• Gaining broad market exposure remains the main focus of ETF users for 71% of respondents (despite variations, values obtained in 2016 are equal to the long-term mean, from 2009 to 2016)
  • Costs and quality of replication are the two criteria dominating investor preoccupations, related to the main motivations for using ETFs: reducing the investment costs, while tracking the performance of the index. Qualitative criteria considered by investors are the long-term commitment of the provider and broadness of the range (38% of respondents for both criteria)
  • About two-thirds of respondents (67%) used ETFs to invest in smart beta in 2016, a considerable increase compared to 49% in 2014


  • The most important motivation for adopting smart beta strategies is to improve performance and manage risk
  • In terms of the actual product wrapper, respondents favour passive funds replicating smart beta indices (64%) but also use active solutions, albeit to a lesser extent (44%)
  • Replication of smart beta strategies are chosen for the following reasons: costs, transparency of methodology and availability of information, which represent the main reasons why passive strategies are normally selected. Discretionary strategies are preferred for the reactivity and dynamism they allow, with 68% of respondents indicating the ease to change portfolio allocation as the principal advantage
  • The pieces of information respondents consider important for assessing smart beta products are liquidity and capacity, index construction methodology and transaction costs. There is an important gap between required information and ease of access to this information. For example, data-mining risk and liquidity and capacity, which are crucial for respondents, are among the most difficult pieces of information to obtain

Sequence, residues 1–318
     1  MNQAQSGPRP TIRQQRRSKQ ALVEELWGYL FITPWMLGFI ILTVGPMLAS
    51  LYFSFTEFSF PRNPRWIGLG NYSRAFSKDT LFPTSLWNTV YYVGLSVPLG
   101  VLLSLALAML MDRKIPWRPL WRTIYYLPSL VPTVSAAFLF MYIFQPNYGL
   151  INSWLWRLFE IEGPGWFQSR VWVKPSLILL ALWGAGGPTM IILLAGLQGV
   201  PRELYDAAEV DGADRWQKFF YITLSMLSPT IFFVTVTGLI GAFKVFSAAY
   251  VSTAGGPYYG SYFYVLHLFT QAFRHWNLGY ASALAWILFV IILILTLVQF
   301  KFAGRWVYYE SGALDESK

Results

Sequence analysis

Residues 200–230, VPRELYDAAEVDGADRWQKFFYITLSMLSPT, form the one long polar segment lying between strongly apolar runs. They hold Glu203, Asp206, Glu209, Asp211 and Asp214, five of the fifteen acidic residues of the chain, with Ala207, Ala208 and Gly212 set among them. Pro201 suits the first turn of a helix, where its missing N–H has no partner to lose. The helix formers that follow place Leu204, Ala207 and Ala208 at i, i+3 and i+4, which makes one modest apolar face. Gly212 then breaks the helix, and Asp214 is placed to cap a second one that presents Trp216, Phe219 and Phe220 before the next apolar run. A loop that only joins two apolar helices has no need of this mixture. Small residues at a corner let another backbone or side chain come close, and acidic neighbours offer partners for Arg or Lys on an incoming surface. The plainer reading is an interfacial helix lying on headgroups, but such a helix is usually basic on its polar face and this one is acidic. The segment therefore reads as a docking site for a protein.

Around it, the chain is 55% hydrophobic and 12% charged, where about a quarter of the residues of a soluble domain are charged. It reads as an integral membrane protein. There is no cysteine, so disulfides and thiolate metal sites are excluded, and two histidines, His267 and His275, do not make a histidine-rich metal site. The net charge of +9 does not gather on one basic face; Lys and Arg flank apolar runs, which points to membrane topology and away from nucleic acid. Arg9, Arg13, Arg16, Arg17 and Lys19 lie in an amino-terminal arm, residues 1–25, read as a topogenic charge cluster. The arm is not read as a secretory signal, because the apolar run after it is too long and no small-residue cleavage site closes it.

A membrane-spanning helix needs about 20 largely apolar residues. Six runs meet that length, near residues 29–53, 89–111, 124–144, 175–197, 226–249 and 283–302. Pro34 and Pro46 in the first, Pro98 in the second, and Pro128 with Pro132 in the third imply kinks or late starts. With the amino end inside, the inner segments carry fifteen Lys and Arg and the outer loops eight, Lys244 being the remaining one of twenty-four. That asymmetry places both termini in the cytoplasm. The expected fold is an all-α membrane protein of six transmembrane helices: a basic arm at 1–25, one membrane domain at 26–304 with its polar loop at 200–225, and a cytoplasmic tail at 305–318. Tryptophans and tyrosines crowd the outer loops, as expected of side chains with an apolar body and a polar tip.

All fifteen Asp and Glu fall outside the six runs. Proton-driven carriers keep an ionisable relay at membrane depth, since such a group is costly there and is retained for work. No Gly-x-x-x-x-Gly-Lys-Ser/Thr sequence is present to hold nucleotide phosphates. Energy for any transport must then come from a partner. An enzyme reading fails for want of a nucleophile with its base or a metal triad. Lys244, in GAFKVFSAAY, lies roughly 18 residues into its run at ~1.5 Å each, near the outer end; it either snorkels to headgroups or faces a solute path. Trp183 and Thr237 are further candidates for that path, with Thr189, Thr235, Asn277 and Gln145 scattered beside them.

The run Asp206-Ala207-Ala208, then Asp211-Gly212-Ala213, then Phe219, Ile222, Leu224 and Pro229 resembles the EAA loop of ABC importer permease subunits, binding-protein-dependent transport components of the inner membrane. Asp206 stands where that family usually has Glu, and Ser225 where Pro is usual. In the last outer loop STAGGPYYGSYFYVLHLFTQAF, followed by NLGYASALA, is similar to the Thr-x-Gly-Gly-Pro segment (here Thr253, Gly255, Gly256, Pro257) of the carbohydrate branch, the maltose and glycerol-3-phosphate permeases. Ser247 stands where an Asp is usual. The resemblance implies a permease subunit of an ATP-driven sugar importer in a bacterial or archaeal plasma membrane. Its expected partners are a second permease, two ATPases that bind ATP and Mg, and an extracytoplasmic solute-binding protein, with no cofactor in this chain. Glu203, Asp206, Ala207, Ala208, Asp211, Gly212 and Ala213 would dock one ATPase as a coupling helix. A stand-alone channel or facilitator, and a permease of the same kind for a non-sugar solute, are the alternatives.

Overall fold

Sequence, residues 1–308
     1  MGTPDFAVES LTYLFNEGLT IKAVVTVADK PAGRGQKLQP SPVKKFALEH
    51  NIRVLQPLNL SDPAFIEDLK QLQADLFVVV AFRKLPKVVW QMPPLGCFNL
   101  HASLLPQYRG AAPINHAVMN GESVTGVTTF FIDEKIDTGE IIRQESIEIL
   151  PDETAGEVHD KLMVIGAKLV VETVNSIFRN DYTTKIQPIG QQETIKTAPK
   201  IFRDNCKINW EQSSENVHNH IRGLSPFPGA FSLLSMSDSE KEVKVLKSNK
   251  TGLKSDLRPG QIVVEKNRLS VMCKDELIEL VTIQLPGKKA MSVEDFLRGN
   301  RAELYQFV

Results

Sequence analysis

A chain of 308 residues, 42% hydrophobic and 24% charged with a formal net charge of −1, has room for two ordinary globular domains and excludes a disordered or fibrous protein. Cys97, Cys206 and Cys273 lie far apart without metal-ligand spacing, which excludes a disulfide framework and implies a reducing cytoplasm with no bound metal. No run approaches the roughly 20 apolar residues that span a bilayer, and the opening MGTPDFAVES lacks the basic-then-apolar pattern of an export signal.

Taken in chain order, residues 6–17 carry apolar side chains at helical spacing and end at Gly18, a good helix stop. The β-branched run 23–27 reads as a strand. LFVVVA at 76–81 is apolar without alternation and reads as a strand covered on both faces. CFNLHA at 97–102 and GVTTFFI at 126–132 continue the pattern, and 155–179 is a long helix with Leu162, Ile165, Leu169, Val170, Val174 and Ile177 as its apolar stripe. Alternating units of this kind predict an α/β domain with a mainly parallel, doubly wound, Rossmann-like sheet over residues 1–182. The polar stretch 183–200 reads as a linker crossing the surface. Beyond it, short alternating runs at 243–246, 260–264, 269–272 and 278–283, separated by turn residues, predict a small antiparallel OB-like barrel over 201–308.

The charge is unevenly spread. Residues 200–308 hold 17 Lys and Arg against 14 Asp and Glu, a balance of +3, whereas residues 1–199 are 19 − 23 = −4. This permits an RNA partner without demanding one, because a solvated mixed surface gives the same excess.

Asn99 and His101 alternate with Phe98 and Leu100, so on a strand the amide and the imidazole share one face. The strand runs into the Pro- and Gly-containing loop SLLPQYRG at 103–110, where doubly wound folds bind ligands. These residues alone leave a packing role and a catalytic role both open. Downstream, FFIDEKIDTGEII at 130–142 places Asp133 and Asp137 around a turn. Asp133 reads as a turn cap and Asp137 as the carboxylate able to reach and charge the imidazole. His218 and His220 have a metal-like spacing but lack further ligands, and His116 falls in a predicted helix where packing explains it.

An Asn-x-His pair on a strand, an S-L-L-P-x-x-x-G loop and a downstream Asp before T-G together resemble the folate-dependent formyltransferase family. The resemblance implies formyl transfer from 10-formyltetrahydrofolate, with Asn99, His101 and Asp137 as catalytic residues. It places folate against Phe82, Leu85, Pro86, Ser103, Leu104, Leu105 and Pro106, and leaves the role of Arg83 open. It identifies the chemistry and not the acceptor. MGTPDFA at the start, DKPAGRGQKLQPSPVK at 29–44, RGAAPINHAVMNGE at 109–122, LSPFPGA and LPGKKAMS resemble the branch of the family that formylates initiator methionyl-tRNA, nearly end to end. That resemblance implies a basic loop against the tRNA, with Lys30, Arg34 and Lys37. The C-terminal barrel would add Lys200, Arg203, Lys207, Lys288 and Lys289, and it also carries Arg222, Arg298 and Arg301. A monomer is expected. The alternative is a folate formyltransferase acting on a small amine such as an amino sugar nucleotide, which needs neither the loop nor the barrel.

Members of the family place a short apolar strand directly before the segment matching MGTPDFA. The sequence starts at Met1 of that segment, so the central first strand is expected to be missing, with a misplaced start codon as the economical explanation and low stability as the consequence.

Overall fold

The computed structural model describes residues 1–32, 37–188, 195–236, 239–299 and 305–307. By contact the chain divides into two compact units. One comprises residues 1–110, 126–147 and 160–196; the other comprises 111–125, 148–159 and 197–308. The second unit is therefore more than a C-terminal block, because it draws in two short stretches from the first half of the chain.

• 63% of investors actually plan to increase their use of ETFs in the future despite the already high maturity of this market and the current adoption rates (compared with 55% in 2014 and 57% in 2015)
  • Lowering investment cost is the primary driver behind investors’ future adoption of ETFs for 87% of respondents
  • Top concerns for the respondents (54%) are the developments of ETFs in at least one of the following three categories: ETFs based on smart beta indices, on multi-factor indices, and on single-factor indices. The development of ETFs in the equity asset class is also one of the top concerns of respondents
  • The vast majority of respondents (94%) plan to increase their investment in smart beta products over the next three years
  • When asked about the smart beta solutions they think required further product development from providers, results indicated the areas of fixed-income and alternative classes. Respondents would also like more customised solutions to be developed. The development of new products corresponding to these demands may lead to an even wider adoption of smart beta solutions

The research from which this study is drawn was produced as part of the Amundi research chair at EDHEC-Risk Institute on “ETF, Indexing and Smart Beta Investment Strategies.”